The information may also be provided by reference to the relevant provisions of the Labour Code or the collective agreement.

The provision of information by the employer can also be done electronically, if the employee has access to the electronic form of the information, he can save and print it. The employer shall keep proof of the sending or receipt of the electronic message.

The employer must provide the employee with information on the place of work or the method of its destination, working hours, due date and payment of wages within 7 days of the commencement of the employment relationship, and information on leave and termination rules within 4 weeks of the commencement of the employment relationship.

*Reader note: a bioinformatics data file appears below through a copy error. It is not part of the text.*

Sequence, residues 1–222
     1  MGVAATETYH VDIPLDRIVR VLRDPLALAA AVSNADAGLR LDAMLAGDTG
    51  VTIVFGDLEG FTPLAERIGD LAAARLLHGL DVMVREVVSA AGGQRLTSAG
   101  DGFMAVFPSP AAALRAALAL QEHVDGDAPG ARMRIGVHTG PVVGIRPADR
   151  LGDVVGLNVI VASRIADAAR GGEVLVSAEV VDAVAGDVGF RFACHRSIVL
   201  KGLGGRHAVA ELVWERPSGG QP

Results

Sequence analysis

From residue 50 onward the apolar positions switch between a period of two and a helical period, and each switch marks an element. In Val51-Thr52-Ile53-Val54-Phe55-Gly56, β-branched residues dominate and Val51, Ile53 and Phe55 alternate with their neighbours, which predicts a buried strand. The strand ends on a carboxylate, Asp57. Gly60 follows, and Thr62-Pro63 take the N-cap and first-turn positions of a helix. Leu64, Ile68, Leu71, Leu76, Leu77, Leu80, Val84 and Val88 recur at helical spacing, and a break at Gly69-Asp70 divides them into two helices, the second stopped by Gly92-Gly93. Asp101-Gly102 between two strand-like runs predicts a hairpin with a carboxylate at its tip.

Adequacy of the probationary period in fixed-term employment

The probationary period may not exceed half the agreed duration of the employment relationship. The limit on the length of the probationary period to 3 months (6 months for senior staff) shall be maintained.

Delivery – Delivery period

The minimum collection period for mail delivery must be 10 days. The standard is 18 days but can be reduced on request to the Post Office.

Deductions from wages – catering

A payroll deduction agreement will no longer be necessary for deducting unpaid advance payments of the meal allowance and the earmarked meal allowance; these can be deducted without a separate payroll deduction agreement.

Performance of other gainful activities by the employee